Before last fall, when I would start to plan out my first day of A&P, I always greatly underestimated the time it would take to go over the syllabus, class expectations, and introductions. Typically, I would plan all those activities to fit into 15 minutes, leaving plenty of time left in the class period to start Chapter 1. However, we all know the reality of first day time management – if we are lucky, we get through the introductions, syllabus, and course expectations. In fact, students count on this reality, calling the first day “Syllabus Day,” meaning nothing really happens.
Last summer while attending my first HAPS conference in Atlanta I met some wonderful people, and heard about what others did in their courses. Specifically, I learned how Brian Reid and other lab TAs from Georgia State University had lab syllabus quizzes that students had to complete in order to unlock other lab quizzes. In a workshop, Wendy Riggs shared her experiences making lecture videos and the importance of showing your face in the video so students feel you are talking to them.
I took the ideas of Brian and Wendy and decided to combine them to make an online syllabus video with an accompanying syllabus quiz. In my video (see screen shot below) I have three windows which I record through a full screen capture.
One window is a recording of myself (my least favorite part); a second window shows the course online platform (in my school’s case Canvas) so I can demonstrate where to access homework assignments, or view grades; and the third window has the syllabus document, which I walk through explaining everything from my office hours and contact information, to the course objectives, and the course policies (on attendance, homework grading, etc.). Accompanying the video is a 5-point online quiz, and the questions are written so that students need to look through the entire syllabus to find the answers. The quiz is set up for unlimited attempts, with no time limit, but it is graded all or nothing – students either get all the questions correct or they get a “0.” The last encouragement I give students is extra credit. One week before classes start, Canvas becomes available to all students; I send out an email to my students providing instructions on how to log on to Canvas and access the course. In this email I outline the first couple of assignments, including the syllabus quiz, which are due the second day of class. If students complete the syllabus quiz prior to the first day of class and they answer all the questions correctly, they can earn double points.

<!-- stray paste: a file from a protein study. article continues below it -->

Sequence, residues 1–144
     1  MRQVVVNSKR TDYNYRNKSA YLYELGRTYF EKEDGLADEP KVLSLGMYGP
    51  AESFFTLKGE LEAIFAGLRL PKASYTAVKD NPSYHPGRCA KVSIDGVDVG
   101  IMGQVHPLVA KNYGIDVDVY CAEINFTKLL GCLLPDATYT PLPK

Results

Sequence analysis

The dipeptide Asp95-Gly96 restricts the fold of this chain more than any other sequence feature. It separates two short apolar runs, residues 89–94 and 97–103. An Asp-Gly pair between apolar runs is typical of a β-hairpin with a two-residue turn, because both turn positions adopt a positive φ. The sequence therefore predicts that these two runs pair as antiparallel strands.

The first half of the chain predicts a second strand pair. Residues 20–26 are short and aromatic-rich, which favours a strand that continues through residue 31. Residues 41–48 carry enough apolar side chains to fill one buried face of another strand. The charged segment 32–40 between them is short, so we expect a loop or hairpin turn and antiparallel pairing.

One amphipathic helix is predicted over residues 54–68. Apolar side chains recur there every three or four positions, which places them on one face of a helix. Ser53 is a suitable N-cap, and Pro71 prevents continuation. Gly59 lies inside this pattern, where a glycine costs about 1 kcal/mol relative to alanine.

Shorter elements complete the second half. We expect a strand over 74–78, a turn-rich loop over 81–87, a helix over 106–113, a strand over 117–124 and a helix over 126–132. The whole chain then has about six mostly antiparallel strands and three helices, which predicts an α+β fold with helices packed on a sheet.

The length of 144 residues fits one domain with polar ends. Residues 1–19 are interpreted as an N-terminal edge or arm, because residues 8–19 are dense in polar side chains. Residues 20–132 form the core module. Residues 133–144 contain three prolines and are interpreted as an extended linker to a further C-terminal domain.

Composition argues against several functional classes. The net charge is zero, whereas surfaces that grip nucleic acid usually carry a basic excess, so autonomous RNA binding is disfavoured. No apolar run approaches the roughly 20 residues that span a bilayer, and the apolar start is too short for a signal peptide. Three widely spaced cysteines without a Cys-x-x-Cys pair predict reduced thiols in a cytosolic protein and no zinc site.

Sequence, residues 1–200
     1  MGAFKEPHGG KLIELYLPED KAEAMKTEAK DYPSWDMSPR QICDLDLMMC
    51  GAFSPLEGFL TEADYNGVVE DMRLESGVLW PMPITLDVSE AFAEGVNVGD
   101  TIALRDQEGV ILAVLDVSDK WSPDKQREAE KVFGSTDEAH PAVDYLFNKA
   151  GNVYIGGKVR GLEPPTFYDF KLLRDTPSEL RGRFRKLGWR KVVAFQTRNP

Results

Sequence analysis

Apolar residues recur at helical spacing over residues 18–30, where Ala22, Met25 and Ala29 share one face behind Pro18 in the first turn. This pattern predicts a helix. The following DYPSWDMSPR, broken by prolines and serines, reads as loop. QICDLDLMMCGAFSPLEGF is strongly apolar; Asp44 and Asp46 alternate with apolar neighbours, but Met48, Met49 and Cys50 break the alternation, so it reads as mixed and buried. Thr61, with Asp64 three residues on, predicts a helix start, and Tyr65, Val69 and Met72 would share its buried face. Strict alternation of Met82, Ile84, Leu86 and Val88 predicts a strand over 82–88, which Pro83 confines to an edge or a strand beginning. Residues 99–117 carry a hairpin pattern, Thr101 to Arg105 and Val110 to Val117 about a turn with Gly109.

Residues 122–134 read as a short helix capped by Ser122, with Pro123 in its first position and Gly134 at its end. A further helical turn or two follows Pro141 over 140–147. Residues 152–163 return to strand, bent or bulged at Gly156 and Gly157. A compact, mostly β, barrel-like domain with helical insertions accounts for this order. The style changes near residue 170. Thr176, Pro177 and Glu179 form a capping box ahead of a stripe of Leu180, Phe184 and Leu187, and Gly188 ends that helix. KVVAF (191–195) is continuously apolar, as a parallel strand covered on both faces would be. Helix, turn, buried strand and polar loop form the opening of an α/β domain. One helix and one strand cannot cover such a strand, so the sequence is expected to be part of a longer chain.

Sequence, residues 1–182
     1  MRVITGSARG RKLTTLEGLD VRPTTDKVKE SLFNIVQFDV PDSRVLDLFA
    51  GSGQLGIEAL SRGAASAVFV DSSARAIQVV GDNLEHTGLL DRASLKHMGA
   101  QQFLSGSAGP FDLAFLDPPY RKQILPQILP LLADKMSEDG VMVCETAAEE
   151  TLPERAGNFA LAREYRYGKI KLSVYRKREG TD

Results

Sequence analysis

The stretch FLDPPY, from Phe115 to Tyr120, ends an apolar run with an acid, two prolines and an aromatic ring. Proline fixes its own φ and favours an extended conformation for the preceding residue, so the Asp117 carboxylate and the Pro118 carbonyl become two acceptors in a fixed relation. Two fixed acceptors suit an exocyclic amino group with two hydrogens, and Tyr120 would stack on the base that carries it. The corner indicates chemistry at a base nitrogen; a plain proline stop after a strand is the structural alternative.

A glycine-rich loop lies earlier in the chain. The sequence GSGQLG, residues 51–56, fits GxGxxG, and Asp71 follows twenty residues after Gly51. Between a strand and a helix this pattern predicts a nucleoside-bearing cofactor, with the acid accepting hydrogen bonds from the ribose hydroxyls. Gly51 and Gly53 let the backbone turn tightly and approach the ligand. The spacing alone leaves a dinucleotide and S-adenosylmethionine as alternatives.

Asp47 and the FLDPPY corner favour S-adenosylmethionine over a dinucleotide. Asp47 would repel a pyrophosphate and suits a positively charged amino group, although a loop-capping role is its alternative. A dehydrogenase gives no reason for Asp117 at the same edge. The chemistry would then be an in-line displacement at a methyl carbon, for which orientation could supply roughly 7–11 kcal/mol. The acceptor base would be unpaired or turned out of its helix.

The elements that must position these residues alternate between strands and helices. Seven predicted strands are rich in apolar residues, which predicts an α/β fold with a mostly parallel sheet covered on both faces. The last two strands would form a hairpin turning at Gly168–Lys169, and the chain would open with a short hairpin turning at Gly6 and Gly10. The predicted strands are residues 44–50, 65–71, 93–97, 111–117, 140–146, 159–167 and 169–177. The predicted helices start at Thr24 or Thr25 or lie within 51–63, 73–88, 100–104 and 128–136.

After making a syllabus video and assigning a syllabus quiz for a couple of semesters I have found that students tend to be readier on the first day as they have “met” me through the video, there is less anxiety because they know the format of the course, and much of the troubleshooting related to access to the online course page or getting the right textbook, etc, has already been dealt with. Having this assignment sent out before the start of class also helps me identify which students are not checking their school emails on a regular basis or are unable to log on to Canvas. By going over the syllabus before the start of class, I now have more time on the first day to start content related activities and utilize as much time as possible covering material.
While making these videos has increased my anxiety (e.g. is that really what I sound like?), the benefits make it worthwhile.
Post from Shanna Nifoussi, Ph.D, Assistant Professor in the School of Applied Science in the Natural and Applied Science Department at Mount Ida College in Newton, Massachusetts.